Price: $29.95 (per 3)
NAP Thunderhead Razor
Accuracy was a highlight for NAP
, as it impacted the target only a tenth of an inch right of the fieldpoint. The Thunderhead Razor was also in the top half for sharpness and had an average hemorrhage test, which followed its middle-of-the-road cutting diameter and total cutting potential. It fell off the pace in penetration but proved extremely tough against our sheet metal and construction block durability tests.
Price: $34.99 (per 3)
With a 1.25-inch cutting diameter and 1.875-inch total cutting potential, the QAD Exodus
placed third in the hemorrhage test and was better than average in penetration. It also did well in our block and metal testing and was above average in sharpness. In flight testing, the Exodus impacted the target .256 inches right and .483 inches high as compared to the fieldpoint.
Price: $39.99 (per 3)
Rocket Ultimate Steel
With its 3-blade, 1-inch cutting diameter design, the Rocket Ultimate Steel
registered average foam-only penetration and better-than-average combo-material penetration. Its results in the hemorrhage, sharpness and fieldpoint
comparison tests were below average. Although it was difficult to assess the result of the zero-penetration test because the head was buried in the block, it looked to be intact.
Price: $39.99 (per 3)
This head has two primary blades and two smaller bleeder blades. In one of the highlights of the test, the Solid S30V
hit the exact same hole in the exact same rotation on three out of three shots in our fieldpoint comparison test. Although it hit the target 1.2 inches left and 1 inch high compared to the fieldpoint, it was incredibly consistent. This head also performed well in the hard-impact test, with only slight damage. The S30V had below-average results in the block, penetration and hemorrhage tests.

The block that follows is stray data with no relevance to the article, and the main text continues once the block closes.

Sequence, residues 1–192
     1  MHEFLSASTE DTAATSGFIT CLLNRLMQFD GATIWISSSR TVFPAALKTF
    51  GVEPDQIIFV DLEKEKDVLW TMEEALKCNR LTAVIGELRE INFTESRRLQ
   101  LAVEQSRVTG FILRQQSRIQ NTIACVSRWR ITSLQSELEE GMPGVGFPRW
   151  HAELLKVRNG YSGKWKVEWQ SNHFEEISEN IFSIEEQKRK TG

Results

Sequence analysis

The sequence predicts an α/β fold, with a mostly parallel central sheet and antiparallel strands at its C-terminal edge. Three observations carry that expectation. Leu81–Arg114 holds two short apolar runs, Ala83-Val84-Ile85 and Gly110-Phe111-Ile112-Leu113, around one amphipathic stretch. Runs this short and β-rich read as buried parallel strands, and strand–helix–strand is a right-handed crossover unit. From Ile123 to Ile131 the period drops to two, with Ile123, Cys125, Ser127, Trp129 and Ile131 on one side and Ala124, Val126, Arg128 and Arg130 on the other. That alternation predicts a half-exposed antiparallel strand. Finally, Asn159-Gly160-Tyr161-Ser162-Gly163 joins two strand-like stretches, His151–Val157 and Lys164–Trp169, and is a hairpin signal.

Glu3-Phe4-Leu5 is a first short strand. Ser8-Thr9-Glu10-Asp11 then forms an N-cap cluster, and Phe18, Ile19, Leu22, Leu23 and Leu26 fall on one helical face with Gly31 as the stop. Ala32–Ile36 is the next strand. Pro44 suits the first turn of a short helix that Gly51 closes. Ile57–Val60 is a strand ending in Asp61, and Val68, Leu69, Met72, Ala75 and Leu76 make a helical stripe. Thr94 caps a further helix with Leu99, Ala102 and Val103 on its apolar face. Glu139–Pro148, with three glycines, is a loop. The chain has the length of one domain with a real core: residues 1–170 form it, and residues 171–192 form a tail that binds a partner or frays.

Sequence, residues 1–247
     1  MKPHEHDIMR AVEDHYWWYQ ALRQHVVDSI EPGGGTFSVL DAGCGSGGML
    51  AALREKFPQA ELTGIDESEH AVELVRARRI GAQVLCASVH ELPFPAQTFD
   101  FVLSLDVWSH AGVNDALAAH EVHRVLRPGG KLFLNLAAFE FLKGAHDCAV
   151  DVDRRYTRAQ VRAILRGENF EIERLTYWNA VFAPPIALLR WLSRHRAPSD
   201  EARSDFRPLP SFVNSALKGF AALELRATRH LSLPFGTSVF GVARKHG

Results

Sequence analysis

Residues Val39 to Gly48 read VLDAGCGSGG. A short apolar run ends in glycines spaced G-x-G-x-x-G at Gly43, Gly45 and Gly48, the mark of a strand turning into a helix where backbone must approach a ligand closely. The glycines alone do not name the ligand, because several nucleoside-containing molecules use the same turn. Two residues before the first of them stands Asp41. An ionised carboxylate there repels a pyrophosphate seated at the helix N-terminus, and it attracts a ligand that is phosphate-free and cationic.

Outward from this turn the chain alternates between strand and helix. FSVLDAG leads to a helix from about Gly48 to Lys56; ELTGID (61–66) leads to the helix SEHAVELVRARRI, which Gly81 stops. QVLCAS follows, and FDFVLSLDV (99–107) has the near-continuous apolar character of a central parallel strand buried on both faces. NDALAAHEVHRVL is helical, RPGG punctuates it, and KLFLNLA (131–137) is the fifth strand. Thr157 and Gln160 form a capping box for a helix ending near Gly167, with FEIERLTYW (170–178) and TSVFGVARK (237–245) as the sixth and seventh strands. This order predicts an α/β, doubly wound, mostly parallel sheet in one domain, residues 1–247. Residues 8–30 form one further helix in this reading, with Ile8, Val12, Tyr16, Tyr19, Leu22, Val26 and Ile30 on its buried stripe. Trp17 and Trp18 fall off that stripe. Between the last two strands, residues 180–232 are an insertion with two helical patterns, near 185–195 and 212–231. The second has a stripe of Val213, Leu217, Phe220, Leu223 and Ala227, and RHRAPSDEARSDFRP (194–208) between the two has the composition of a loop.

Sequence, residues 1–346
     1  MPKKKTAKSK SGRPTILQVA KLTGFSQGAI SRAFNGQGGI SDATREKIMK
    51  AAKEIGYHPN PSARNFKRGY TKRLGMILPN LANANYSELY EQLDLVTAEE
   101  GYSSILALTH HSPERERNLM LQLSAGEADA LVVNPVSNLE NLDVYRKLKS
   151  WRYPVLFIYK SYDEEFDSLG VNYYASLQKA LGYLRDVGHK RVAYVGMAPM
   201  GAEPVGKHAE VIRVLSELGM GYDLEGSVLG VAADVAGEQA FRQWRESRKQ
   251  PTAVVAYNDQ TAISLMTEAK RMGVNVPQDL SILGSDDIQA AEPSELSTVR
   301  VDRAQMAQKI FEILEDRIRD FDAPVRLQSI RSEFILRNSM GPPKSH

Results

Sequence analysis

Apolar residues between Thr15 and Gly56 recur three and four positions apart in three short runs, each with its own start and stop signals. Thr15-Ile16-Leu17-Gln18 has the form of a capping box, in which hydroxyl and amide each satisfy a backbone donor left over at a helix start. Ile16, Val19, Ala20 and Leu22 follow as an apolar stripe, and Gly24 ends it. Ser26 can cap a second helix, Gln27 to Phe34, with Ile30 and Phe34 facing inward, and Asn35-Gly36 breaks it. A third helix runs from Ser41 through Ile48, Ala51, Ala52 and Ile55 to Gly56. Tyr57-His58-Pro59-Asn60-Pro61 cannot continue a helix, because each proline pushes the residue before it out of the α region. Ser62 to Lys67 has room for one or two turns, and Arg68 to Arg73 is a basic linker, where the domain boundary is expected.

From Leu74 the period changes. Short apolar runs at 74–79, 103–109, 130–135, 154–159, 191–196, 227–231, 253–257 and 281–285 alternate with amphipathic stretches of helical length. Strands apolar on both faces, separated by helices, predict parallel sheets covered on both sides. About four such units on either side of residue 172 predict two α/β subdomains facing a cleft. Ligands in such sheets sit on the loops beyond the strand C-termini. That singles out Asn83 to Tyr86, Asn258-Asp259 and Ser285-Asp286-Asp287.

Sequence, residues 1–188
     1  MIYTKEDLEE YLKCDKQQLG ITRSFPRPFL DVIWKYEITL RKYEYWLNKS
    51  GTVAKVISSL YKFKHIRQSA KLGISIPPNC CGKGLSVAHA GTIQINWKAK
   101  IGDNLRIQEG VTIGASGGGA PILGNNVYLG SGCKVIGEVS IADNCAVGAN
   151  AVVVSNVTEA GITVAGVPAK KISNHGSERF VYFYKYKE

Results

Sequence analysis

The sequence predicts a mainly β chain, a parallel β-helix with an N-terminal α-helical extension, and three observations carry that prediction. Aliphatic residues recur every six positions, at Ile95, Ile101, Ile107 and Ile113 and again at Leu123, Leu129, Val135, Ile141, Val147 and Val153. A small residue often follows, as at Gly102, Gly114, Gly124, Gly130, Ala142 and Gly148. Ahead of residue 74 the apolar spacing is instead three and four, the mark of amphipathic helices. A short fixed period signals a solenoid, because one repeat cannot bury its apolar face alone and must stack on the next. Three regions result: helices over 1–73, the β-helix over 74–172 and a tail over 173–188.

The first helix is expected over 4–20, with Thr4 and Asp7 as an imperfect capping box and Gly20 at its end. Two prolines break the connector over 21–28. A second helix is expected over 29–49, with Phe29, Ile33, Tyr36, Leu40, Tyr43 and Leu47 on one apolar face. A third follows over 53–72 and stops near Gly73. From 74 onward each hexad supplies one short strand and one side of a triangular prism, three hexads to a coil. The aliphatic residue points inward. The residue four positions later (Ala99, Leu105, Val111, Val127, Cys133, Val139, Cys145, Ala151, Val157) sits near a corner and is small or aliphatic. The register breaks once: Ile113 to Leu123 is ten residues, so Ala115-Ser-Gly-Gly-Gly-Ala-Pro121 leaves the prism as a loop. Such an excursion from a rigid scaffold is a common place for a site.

Price: $79.99 (per 3)
Slick Trick Viper Trick
The Slick Trick Viper Trick
sports a high total cutting potential rating of 1.94 inches on a relatively small cutting diameter of 1.0625 thanks to its 4-blade configuration. It performed well in the fieldpoint comparison test, with only a slight variance from center and was only .7 seconds from the top spot in the hemorrhage test. The Viper Trick was about average in terms of penetration but proved tough in our durability testing.
Price: $30 (per 3)
Trophy Taker Terminal T-LockThe Trophy Taker Terminal T-Lock
is a relatively small-diameter, 3-blade head that excelled in both the foam and combo-material penetration tests. It suffered very little damage in our sheet metal test and flew true, as indicated by its near-center impact in our fieldpoint comparison test. Its sharpness ranked in the bottom third of the test heads, while evacuation time in the hemorrhage test was in the middle of the pack.
Price: $39.99 (per 3)
Wasp BossThe Wasp Boss
showed itself to be rugged, with great results in our durability tests, and it performed very well in the combo-material penetration test, coming in fourth. It was just below average in the hemorrhage test and impacted the target .2 inches right and .516 inches high as compared to our fieldpoint.
Price: $33.99 (per 3)
Check out more of our 2013 broadhead tests in the September issue of Bowhunting Magazine.